NPR logo Why Would A Fish Make Its Own Sunscreen?


Why Would A Fish Make Its Own Sunscreen?

The lowly zebra fish can make its own sunscreen. Marrabbio2/Wikimedia Commons hide caption

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Marrabbio2/Wikimedia Commons

The lowly zebra fish can make its own sunscreen.

Marrabbio2/Wikimedia Commons

Creatures that venture out into the daylight can be damaged by the sun's ultraviolet rays. Humans produce melanin, a dark pigment, to help protect our skin. And now many of us slather on sunscreen, too.

Bacteria, algae and fungi make their own chemicals that sop up UV rays. And there's one called gadusol that's been found in fish and their eggs.

Scientists at Oregon State University say they've found that zebra fish, a popular species for lab work, can produce gadusol on their own. Until now, many thought fish got the stuff by eating bacteria and algae that made it.

But why would fish make gadusol?

"We know that gadusol has anti-UV properties, sunscreen properties," says Taifo Mahmud, a medicinal chemist at Oregon State's pharmacy school. Still, he says it's not entirely clear if animals such as zebra fish would make it for reasons other than UV protection.

It's possible that gadusol, an antioxidant, might have other uses. In zebra fish, gadusol is produced in significant quantities during the development of embryos.

Mahmud's team found that the genes zebra fish use to make gadusol are different from the ones that microbes use.

After searching the genomes of many different animals, Mahmud's team identified gadusol-producing genes like the zebra fish's in amphibians, reptiles and birds. They didn't find them in mammals or coelacanths, the ancient fish that were only known as fossils before they were discovered alive in 1938.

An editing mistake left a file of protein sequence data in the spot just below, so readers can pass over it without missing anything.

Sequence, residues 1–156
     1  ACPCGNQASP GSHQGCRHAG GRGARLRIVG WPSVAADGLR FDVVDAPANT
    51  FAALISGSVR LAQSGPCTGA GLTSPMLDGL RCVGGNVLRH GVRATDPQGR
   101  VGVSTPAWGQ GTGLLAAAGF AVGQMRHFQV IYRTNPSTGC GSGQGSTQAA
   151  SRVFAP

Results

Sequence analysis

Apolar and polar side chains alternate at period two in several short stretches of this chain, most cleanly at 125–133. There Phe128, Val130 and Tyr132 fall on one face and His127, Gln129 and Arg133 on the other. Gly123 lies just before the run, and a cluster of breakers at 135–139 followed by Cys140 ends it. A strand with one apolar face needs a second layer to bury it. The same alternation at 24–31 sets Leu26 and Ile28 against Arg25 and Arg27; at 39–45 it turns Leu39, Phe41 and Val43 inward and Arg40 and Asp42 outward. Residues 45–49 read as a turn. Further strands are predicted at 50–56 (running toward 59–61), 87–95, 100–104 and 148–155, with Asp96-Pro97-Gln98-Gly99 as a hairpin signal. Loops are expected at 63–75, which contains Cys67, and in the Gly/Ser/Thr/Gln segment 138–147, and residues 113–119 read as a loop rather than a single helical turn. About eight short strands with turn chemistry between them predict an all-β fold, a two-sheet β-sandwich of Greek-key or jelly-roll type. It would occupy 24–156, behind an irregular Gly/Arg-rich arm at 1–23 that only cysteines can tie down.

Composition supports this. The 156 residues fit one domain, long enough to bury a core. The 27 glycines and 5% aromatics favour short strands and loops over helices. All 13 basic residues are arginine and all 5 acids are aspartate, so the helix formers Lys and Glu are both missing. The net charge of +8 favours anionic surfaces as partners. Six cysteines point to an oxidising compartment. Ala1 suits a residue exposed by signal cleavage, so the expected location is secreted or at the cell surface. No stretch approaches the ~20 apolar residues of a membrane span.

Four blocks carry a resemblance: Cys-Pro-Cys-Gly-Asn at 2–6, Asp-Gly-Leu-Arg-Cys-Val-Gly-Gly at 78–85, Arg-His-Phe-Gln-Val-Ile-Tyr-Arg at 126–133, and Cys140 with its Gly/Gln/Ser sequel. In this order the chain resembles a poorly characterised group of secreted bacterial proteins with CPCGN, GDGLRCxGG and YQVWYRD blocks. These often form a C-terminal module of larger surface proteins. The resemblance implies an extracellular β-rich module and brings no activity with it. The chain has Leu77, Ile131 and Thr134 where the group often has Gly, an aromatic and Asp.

The group's findings, published Tuesday in the journal eLife, suggest that the genes (called EEVS and MT-Ox) were carried by a common animal ancestor hundreds of millions of years ago that some later creatures, such as zebra fish, preserved while others did not.

Where did the genes come from? Well, they look more like those found in algae than bacteria. So the Oregon State group's paper suggest that there may have been a jump of the genes from algae to the common animal ancestor way back when. These so-called horizontal transfers are common in lower organisms and may account for quite a few genes in the human genome, too.

"Overall, this work illuminates a novel pathway that constructs an important biological sunscreen, but it also raises a number of questions," two Harvard chemists wrote in an accompanying analysis of the gadusol paper. How exactly did the cluster of genes evolve in animals and why did some lose them? And what biological purpose does the sunscreen chemical actually serve?